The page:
All the stuff with Luke, Rey and Kylo really gels. It is thought provoking, smart and really dissects who these characters are. The stuff with Leia, Poe and a new Resistance leader (played wonderfully by Laura Dern) works fairly well and left to these two plots, the film would have been a contender for best of the franchise. Unfortunately, there is a random, unexciting, poorly writ subplot within the Leia/Poe/Holdo story thread that grinds the movie to a halt. It follows Finn and newcomer Rose as they travel to a Casino world where they are trying to find a master locksmith…for…reasons and it leads up to a really jarring action beat with political overtones of indentured servitude that fell flat. The jokes don’t land. The politics seem forced. The writing felt overtly Prequel-y at these parts. So much so that the action scene reminded me of the opening to Attack of the Clones when Anakin and Obi-Wan are zipping around Coruscant on their speeder. It is a ground level version of that scene on alien race horses.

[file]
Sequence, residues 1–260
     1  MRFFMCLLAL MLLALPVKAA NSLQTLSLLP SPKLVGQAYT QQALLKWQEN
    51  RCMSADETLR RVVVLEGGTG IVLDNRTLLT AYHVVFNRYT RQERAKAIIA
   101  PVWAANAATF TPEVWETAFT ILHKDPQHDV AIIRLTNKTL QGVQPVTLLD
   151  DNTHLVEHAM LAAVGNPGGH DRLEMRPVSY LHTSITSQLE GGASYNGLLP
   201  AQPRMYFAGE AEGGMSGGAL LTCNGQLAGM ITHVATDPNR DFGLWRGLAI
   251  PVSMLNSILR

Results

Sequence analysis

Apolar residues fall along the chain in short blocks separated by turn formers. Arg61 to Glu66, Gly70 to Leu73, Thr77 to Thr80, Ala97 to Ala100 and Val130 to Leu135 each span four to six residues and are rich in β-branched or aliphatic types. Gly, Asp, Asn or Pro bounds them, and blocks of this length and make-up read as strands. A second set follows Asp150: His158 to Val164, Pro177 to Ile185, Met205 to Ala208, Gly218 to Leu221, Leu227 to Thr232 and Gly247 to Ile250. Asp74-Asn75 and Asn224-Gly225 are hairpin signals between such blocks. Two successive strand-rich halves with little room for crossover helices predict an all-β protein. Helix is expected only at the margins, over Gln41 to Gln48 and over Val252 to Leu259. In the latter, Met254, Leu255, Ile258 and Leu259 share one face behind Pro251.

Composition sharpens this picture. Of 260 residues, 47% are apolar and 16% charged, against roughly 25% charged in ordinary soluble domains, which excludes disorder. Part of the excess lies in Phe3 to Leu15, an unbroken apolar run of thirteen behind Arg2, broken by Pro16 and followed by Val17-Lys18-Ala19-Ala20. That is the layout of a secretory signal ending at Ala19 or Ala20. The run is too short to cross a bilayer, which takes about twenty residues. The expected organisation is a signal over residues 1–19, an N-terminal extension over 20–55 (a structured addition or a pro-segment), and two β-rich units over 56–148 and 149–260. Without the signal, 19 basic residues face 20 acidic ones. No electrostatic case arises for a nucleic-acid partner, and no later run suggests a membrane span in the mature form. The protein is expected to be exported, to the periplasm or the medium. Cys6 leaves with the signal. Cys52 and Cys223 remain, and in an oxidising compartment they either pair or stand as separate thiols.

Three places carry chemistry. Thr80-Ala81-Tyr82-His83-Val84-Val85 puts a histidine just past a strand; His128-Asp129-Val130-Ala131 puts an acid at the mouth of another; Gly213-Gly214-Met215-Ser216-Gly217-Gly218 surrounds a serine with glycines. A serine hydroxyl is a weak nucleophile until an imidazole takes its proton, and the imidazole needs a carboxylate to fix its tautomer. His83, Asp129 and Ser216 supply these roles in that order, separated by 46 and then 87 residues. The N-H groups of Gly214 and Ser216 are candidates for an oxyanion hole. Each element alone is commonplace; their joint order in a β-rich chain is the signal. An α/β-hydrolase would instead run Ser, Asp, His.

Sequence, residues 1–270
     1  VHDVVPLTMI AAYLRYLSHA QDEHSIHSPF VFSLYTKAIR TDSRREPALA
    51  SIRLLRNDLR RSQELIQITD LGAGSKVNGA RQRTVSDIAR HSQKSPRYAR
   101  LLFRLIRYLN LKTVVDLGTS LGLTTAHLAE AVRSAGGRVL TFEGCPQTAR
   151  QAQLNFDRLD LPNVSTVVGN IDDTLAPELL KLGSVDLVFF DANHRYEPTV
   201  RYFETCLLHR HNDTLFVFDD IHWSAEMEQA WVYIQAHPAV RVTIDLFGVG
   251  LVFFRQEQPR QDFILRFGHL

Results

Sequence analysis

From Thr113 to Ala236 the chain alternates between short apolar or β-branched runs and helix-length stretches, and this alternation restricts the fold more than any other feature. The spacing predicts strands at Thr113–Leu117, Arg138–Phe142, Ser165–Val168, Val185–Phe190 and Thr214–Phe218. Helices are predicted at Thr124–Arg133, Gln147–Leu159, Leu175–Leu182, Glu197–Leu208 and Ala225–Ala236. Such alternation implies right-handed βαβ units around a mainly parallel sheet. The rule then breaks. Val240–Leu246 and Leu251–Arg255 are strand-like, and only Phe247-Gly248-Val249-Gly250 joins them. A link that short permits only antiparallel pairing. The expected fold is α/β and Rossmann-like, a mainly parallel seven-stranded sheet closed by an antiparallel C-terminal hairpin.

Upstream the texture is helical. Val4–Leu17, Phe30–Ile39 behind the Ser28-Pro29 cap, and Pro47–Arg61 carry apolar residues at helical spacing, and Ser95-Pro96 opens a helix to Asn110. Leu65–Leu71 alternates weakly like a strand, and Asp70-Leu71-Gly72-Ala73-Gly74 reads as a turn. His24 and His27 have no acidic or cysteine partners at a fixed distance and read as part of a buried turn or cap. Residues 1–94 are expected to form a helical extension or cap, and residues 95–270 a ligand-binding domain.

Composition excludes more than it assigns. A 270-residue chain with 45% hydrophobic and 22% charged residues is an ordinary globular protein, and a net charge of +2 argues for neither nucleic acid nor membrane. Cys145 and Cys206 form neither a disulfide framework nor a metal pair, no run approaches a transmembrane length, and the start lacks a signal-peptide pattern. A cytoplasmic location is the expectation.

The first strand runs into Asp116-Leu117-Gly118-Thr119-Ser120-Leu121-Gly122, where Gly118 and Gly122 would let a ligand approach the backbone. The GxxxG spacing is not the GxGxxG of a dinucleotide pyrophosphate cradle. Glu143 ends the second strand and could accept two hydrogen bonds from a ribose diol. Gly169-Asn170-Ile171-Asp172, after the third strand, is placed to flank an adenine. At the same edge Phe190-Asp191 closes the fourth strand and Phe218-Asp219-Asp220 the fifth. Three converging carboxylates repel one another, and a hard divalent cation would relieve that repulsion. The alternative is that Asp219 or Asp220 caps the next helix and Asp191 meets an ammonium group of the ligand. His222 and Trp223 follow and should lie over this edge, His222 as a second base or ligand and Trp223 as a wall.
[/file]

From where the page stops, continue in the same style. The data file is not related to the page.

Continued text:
I am trying to picture the pitch session Rian had with Lucasfilm: “So, the movie is all about Luke, Rey and Kylo. We explore the nature of the Jedi. Are they good? Why does the dark side pull so heavily? Can someone have both light and dark within? Can you truly attain balance with this set dichotomy? Oh, and Leia is carrying the hope of the Resistance on her shoulders; a heavy burden that drives Poe to act rashly and it could spell the end to their movement.” “That sounds great Rian, but what about Finn?” “F—Finn?” “Yeah, the 3rd noob we introduced.” “Oh—uh—well, you see…there is this Casino world and he—uh—he has to get a locksmith to help Poe in his quest. Yeah, and –uh—he befriends this nobody from the resistance and we can play up a love triangle (because who doesn’t love those).” “I think you may need to work on that last bit—I don’t know, maybe tie it into his leanings as a slave to the First Order. You may be able to draw some nice parallels there. Make it work, but we are sold.”
Finn’s plot, though finely acted by all parties involved, just felt out of place, rushed and brought the film down with it and being that it took up about 45 minutes of the movie, it really was noticeable. Well, why didn’t Finn’s stuff work? I think it has something to do with J.J. Abrams approach to the character when he set out to develop this new trilogy.